Like many groups throughout the country, the Prince George’s County Young Democrats (PGCYD) held a debate party to cheer on their party’s nominee for president. On Sept. 26, the group convened at Dave & Buster’s restaurant in Largo, Md., to view the first presidential debate of the 2016 campaign between Democrat Hillary R. Clinton and Republican Donald Trump.


Maurice Simpson Jr., is the president of the Prince George’s County Young Democrats. (Courtesy photo)

“We are here to cheer Hillary to victory tonight,” Maurice Simpson Jr., the president of the organization, told the AFRO.

The PGCYD consists of young adults who are committed to working for and promoting the Democratic Party and its values. It has long been a training ground for county leaders including U.S. House of Representatives Democratic Whip Steny Hoyer (D-Md.) and Maryland State Sen. Thomas V. Mike Miller (D-District 27), who has presided over his chamber for 29 years, the longest of any state legislator in the country.

Hoyer has maintained close ties with the organization since becoming a politician and was at the event shaking hands and talking with organization members and guests, but he left before the debate started.

Simpson will be a candidate for Maryland delegate in 2018 and the Rev. Joseph Lynn Kitchen Jr., a member of the PGCYD, is the president of the Young Democrats of Maryland.

Other political notables at the party included Maryland Del. Carolyn J.B. Howard (D-District 24), Prince George’s County Board of Education member Edward Burroughs III (District 8), Prince George’s County Board of Education aspirant in District 1 David Murray, Prince George’s County Seventh Circuit Court of Maryland candidate Ingrid Turner, and Prince George’s County Democratic Central Committee member Belinda Queen-Howard.

Throughout the evening, Clinton received nods of approval and applause for crafty one-liners such as calling Trump’s economic plan “trumped up, trickle-down economics” and “Donald, you live in your own reality.” Clinton also delighted the crowd by needling Trump for criticizing America’s struggling infrastructure by saying he should have helped by paying his federal taxes and for not releasing his tax returns, she suggested that the billionaire is not as rich as he claims “or not as charitable.”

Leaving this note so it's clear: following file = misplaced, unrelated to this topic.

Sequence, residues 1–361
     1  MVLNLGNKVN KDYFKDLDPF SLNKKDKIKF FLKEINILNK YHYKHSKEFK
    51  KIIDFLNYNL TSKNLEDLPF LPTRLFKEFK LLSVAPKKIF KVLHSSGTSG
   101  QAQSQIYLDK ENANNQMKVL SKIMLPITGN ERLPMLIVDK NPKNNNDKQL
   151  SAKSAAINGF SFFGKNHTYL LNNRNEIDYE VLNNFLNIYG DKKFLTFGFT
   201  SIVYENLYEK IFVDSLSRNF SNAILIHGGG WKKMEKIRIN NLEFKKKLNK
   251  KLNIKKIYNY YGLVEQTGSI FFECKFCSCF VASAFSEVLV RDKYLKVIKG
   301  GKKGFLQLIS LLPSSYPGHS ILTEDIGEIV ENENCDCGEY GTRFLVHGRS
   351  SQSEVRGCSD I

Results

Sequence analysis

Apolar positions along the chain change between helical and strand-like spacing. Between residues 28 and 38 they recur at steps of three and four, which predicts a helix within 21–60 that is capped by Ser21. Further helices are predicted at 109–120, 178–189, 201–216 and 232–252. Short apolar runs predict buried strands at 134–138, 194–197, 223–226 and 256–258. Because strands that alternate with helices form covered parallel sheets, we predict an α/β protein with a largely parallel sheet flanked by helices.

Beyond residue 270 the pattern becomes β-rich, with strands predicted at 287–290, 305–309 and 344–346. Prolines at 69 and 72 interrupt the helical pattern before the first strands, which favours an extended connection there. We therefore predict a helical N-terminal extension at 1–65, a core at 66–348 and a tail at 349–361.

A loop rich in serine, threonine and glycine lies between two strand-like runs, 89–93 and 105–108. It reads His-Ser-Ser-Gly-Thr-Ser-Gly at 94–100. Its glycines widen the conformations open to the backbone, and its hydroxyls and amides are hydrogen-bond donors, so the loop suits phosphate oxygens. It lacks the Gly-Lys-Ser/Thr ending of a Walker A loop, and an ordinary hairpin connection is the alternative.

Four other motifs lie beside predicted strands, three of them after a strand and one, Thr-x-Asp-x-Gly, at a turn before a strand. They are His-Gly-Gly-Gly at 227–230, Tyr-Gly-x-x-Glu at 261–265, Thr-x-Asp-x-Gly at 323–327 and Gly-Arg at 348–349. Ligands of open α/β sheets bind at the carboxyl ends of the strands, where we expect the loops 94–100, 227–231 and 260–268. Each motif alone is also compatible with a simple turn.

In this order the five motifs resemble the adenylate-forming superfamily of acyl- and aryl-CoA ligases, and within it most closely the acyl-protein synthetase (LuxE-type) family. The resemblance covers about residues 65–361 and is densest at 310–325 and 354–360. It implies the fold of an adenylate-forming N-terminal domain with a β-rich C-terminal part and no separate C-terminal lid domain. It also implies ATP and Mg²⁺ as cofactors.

Some members of the audience snapped their fingers and clapped when Clinton quoted First Lady Michelle Obama saying, in reference to waging a campaign, “when they go low, we go high.” Female participants reacted loudly when Trump justified calling actress Rosie O’Donnell derogatory names.

Simpson, who serves as the county’s leader for the Clinton campaign, was proud of the way his candidate performed. “I think Secretary Clinton executed her strategy for the debate well,” he said. “She stressed Democratic values and is suited to be our next president.”

Lexima, a resident from Charles County, Md., told the AFRO that she came to the debate party leaning toward Clinton but wanted to give Trump a chance to make his case to her. Trump failed, she said.

“Donald Trump wasn’t prepared for this debate,” Lexima said. “He didn’t know the issues.”

Bluford said that Trump’s attitude toward women is unacceptable. “He is a sexist,” she said. “He always talks about women in a derogatory way. His performance tonight was embarrassing. If he becomes president, he will get us into a war.”